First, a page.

Metrical Psalms 1650
Gjuha: English (British)
A metrical Psalter is a version of the Psalms, which is translated into metre and rhyme, to enable the Psalms to be sung to standard tunes during Christian worship. The earliest English metrical Psalms were produced in Geneva by English speaking Protestant exiles in the 16th century. The 3rd edition of the Anglo-Genevan Psalter included 87 psalms. John Knox brought this tradition back to Scotland. In 1562 the General Assembly of the Kirk of Scotland directed that a Psalter be completed. The first complete metrical Psalter was produced in 1564. This was revised by the Englishman Francis Rous in 1641, and it was based on the language of the King James Version of the Bible. The Westminster Assembly submitted this to further revision. This was further revised, and the General Assembly of the Kirk of Scotland authorised the 1650 edition for public worship, and it was used by Presbyterians throughout the United Kingdom and beyond. In Scotland editions of the Authorised King James Version (KJV) of the Bible were often printed with the Metrical Psalter at the back.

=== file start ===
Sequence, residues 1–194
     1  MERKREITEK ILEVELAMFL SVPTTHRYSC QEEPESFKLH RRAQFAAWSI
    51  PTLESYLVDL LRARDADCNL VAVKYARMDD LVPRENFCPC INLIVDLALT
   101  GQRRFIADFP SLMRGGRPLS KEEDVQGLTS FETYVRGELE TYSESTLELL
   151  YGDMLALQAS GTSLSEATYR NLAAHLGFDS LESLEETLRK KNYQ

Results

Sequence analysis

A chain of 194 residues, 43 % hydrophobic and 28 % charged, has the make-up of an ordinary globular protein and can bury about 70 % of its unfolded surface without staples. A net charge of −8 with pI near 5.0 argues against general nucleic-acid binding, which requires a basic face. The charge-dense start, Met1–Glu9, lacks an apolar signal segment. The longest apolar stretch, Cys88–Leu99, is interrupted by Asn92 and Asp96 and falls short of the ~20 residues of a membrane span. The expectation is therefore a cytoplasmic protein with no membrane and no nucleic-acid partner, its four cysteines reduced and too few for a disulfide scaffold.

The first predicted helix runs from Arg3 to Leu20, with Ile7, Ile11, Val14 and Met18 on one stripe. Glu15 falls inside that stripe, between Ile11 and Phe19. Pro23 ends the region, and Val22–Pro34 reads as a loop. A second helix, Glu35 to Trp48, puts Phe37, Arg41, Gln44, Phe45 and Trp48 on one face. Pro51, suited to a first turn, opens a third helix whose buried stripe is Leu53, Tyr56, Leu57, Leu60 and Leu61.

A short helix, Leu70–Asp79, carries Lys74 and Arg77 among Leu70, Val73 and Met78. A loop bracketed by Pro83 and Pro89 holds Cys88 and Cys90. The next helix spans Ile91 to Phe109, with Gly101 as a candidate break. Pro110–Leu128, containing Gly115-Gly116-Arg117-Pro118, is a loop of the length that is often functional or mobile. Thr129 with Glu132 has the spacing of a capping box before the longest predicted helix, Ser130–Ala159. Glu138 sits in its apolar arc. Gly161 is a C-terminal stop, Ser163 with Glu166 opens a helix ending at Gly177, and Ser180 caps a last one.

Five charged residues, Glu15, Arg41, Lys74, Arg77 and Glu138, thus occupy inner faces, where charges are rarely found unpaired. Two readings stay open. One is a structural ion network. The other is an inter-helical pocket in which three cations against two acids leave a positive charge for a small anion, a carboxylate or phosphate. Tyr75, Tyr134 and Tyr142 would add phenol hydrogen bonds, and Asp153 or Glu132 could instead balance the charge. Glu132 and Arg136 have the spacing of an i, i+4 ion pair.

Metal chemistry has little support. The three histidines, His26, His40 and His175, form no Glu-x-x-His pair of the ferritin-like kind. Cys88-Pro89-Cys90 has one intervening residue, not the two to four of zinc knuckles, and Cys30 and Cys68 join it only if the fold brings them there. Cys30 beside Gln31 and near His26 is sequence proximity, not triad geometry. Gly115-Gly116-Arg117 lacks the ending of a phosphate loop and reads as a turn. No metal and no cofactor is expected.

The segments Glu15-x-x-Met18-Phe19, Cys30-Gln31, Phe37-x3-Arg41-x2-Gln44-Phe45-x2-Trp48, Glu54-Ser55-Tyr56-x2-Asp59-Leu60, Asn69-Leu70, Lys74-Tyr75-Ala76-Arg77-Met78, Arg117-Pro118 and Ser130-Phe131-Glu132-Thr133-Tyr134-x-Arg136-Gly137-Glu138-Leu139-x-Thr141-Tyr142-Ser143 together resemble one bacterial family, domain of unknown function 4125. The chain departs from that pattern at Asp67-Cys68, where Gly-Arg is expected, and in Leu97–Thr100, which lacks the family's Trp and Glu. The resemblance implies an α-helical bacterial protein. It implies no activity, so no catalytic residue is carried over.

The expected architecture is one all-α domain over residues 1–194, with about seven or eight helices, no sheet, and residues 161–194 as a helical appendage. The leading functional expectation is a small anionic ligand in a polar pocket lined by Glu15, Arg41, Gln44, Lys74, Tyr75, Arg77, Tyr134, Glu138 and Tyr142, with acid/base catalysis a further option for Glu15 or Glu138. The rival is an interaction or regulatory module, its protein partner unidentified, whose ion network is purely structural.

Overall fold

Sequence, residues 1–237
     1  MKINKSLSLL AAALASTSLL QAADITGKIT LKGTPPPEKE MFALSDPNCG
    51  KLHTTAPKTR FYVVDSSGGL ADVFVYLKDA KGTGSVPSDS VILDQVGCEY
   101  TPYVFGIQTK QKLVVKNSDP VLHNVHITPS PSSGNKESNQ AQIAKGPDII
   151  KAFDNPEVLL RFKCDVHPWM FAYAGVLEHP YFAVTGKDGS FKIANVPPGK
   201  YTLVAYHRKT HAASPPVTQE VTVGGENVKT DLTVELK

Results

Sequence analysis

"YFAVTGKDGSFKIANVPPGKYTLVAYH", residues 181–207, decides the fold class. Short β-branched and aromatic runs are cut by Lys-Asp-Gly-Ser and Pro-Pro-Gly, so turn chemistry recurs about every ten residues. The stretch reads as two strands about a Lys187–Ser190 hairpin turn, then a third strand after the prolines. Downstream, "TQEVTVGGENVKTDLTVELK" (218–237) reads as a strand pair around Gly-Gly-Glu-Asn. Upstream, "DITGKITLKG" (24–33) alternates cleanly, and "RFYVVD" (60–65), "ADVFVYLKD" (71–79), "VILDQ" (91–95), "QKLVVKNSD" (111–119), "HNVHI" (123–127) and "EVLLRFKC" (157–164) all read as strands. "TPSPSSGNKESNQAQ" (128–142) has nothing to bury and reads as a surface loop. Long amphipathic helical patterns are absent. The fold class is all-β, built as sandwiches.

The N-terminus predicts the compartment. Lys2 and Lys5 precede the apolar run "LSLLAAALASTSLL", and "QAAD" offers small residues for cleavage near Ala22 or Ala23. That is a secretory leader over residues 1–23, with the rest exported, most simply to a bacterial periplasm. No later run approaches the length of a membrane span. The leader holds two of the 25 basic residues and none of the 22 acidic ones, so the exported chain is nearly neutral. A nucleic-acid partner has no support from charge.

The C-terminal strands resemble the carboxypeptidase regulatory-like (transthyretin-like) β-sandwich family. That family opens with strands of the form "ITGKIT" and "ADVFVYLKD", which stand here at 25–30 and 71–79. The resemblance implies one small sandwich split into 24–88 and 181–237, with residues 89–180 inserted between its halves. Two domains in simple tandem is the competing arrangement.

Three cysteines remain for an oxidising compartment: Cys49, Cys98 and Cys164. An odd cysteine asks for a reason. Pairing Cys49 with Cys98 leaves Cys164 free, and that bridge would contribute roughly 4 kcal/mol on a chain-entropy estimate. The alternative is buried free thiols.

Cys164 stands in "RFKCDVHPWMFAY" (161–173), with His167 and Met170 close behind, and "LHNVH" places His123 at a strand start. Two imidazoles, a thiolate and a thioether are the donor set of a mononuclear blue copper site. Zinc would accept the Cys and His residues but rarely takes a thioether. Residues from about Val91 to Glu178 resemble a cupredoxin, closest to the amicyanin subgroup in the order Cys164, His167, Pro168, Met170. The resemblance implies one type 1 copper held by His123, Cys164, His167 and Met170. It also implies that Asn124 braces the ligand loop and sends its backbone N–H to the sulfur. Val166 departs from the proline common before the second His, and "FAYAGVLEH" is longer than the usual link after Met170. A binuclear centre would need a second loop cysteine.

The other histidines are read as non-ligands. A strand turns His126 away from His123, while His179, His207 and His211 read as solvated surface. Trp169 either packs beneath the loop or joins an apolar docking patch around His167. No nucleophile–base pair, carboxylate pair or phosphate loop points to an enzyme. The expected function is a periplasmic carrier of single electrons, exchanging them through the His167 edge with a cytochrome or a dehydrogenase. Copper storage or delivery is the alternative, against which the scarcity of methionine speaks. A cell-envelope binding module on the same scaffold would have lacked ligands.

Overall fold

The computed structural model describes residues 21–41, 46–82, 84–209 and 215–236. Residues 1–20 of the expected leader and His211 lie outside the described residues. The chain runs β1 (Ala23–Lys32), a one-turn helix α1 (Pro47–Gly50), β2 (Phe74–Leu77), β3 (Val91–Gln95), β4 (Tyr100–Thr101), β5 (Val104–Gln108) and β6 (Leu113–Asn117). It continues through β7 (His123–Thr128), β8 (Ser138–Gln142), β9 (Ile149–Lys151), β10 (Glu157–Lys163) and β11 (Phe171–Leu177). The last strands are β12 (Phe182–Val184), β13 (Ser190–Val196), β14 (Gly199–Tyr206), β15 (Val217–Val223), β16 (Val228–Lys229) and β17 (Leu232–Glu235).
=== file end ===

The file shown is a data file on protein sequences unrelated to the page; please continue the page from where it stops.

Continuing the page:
Psalm singing has been a feature of public Christian worship since the Reformation. Many of the metrical Psalms, especially Psalm 23 and Psalm 100, are hymns found in the hymnals of many denominations. "The Psalms of David in Metre" are part of the common heritage of the English speaking Church. Most of the Psalms in the Psalter are in the 8,6,8,6 common metre. A small number of psalms have 2 alternatives and the first is listed in this version.
This translation, was first published in 1650. If you are interested in the work of the Bible Society, please contact the British and Foreign Bible Society at www.biblesociety.org.uk